71-Year Old Choreographer Douglas Dunn Presents World Premiere of AUBADE, 1/24

Traditionally regarded as an abstract minimalist, 71 year old choreographer Douglas Dunn treads into unexpected territory with the world premiere of "Aubade," at the Alexander Kasser Theater, January 24-February 1. The dance was commissioned by Peak Performances.

Featuring pre-recorded and real-time video, lighting and costumes by Dunn's frequent collaborator, the avant-garde filmmaker Charles Atlas, poetry by Anne Waldman, and an original score by Steve Taylor, the hour-long work marks one of Dunn's most complex dances to date. Taylor and his three musicians will share the Kasser stage with Dunn's own nine-member company, which includes Dunn himself, as well as six dance students from Montclair State University, whom Dunn is incorporating into the work.

"Aubade" is traditionally a song of morning; of awakening to the day with a quiet sense of the inexorableness of death. The dance, which could be considered abstractly autobiographical, is also an homage to, and exploration of the more vivid and rich perceptions we develop as we age and begin to confront our own mortality.

The dance comments on the life of an artist, and the stages of consciousness that evolve as an artist ages. Central to the work is the role of Christopher Williams who plays a trickster- an unbridled sensualist whose imagination and animal energy is essential to the creation of art.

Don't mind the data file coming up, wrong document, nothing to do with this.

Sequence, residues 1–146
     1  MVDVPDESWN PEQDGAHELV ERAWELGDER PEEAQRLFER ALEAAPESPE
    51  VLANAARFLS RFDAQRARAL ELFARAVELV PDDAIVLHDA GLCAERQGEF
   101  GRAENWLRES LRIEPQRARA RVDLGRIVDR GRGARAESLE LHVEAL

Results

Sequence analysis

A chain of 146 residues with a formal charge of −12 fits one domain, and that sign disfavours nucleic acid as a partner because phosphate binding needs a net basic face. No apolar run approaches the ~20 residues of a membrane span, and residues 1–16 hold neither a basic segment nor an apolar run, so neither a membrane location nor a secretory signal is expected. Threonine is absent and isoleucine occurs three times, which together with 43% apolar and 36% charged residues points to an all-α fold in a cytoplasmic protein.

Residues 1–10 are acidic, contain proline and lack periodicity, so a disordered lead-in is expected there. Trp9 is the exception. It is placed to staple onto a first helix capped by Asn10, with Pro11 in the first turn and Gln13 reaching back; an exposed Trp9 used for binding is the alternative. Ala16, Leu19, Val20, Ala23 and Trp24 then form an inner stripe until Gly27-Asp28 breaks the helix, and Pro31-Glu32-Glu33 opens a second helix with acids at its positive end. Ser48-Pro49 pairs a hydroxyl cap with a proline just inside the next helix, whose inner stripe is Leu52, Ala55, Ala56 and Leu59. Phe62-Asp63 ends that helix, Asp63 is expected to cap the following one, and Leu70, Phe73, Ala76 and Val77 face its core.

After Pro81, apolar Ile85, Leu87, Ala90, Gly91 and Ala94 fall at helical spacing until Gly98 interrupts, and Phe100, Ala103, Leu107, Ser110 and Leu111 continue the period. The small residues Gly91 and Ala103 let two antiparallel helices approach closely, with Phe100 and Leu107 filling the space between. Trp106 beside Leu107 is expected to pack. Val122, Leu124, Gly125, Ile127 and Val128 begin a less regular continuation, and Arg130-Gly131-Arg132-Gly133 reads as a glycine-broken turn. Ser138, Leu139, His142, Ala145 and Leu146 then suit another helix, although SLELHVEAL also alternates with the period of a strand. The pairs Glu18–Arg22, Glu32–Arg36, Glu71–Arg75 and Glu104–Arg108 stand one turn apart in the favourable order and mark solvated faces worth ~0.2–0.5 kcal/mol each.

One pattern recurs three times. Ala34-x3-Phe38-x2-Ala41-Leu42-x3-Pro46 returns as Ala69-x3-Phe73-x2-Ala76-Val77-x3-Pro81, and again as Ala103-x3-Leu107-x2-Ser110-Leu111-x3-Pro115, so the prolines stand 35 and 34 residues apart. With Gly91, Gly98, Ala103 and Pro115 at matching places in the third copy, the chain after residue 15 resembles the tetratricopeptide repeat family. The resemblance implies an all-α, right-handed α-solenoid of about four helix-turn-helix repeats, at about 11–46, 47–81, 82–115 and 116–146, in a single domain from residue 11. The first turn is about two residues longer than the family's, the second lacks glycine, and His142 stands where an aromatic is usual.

BACKGROUND:

[dunn dancing] Though athletic all his life, Douglas Dunn's dance training began at the Princeton Ballet Society when he was studying at Princeton University, where he graduated with a B.A. in Art History in 1964. He performed with Yvonne Rainer & Group from 1968 to 1970. He was a member of the Merce Cunningham Dance Company from 1969 to 1973, and the Grand Union from 1970 to 1976. Dunn began making his own work in 1971. His collaborators have included Mimi Gross, Charles Atlas, Kenneth Noland, Anne Waldman, and Amy Greenfield. Douglas Dunn & Dancers has performed throughout the United States and Europe, most especially France, where Dunn created a full length "Pucinella" for the Paris Opera Ballet as part of its homage to Igor Stravinsky. His honors, fellowships, and awards include recognition from the John Simon Guggenheim Foundation, the National Endowment for the Arts, New York State Council on the Arts, Lila Wallace-Reader's Digest Fund, and Foundation for Contemporary Performance Arts. In 2008 Dunn was honored with a Chevalier by the French Ordre des Arts et des Lettres for his contributions to French cultural and artistic life.




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by Barnett Serchuk